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Clear Mono as a tying thread?


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18 replies to this topic

#1 getholdofjoru

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Posted 23 December 2009 - 11:27 AM

I've heard talk about using clear mono as a tying thread.

My first reaction is that this is a special mono specifically for tying.

Is this the case or will any mono do? If so, is there a specific brand or pound test that works well?

I'm wanting to tie streamers for bass.

Thanks!


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#2 Pelhament

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Posted 23 December 2009 - 12:35 PM

I wasn't sure, and I didn't see any in my fly shop. So I wrapped an empty spool with 2lb Maxima Ultra Green and it worked just fine for bass streamers.

#3 smallieFanatic

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Posted 23 December 2009 - 01:02 PM

What would be the advantage of using mono instead of thread?
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#4 Voodoo

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Posted 23 December 2009 - 01:19 PM

helps against sharp teeth and you can pull some real tension on the thread
the fish wasnt too small, you just used a big rod!

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#5 wayneb

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Posted 23 December 2009 - 01:20 PM

Hi All;

http://www.jsflyfish...=TW-030085-0000

Uni-thread clear mono tying thread is typically used in tying "Puglisi baitfish" type patterns.

The advantage is that the thread is transparent and does not over shadow any of the colors in a particular pattern and is thus "invisible."

I saw Jay "Fishy" Fullum use it at a fly tying show and he used it so he could change from tying one pattern to another without having to switch thread colors.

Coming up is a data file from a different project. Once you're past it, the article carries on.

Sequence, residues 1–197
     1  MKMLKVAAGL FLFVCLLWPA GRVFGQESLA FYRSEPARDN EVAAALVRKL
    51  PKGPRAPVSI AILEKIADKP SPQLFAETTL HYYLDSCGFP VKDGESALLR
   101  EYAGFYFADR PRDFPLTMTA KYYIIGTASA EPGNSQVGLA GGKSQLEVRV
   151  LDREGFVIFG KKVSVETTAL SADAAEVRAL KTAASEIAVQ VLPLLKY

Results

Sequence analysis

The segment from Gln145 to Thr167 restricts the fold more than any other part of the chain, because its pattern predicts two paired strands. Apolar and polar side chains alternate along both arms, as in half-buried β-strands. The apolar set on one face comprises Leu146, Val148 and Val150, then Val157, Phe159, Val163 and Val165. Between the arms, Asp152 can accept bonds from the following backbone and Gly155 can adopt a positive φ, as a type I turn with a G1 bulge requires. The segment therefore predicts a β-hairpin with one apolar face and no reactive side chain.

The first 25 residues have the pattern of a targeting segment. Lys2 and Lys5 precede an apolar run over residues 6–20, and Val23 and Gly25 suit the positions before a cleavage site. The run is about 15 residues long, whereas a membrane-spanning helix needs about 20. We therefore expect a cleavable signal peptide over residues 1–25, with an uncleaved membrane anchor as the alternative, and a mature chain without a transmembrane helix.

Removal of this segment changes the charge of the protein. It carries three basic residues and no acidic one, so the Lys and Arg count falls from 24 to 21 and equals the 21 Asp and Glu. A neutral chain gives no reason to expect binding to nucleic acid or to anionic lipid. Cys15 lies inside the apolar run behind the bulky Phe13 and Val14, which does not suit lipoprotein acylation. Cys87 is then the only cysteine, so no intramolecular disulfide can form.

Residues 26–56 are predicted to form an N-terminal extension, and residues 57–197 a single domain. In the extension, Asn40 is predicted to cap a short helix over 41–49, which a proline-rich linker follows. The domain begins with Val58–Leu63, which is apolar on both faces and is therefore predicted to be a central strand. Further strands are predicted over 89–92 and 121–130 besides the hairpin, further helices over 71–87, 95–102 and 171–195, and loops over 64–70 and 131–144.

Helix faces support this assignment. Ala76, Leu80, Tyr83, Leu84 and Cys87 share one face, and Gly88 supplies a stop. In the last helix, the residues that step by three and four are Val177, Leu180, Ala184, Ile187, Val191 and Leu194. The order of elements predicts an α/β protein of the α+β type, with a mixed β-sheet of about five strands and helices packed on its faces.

I use it for my "Puglisi baitfish" patterns and it works quite well for that.

It streches considerably and takes a few more winds to get it to initially stay on a hook but, that said it seems fairly strong.

I've heard of people using mono sewing thread which is a little cheaper but I haven't used an entire spool of clear uni thread to find the need to test the clear sewing thread yet.

Wayne

#6 Ridleyffo

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Posted 23 December 2009 - 01:25 PM

Ive used the uni mono thread on many saltwater patterns. The stuff is super strong. I also just discovered that mono thread appeared to be the thread of choice of many older tyers. the box of materials I just bought from a retiring fly fisher had plenty of thread and it was predominately labeled mono thread. I think that this old variety of mono is much different than the uni mono. The old mono appears to be about 6/0 in all characteristics. Maybe in the past it was meant to mean one and not monofiliament.
I fish therefore I am.

#7 steelie

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Posted 25 December 2009 - 06:34 PM

Good Day,

Some good replies. May I make a suggestion... make sure to coat your head with either nail polish or epoxy.

Steelie
A word to the wise ain't necessary - it's the stupid ones that need the advice.
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#8 sandflyx

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Posted 25 December 2009 - 07:41 PM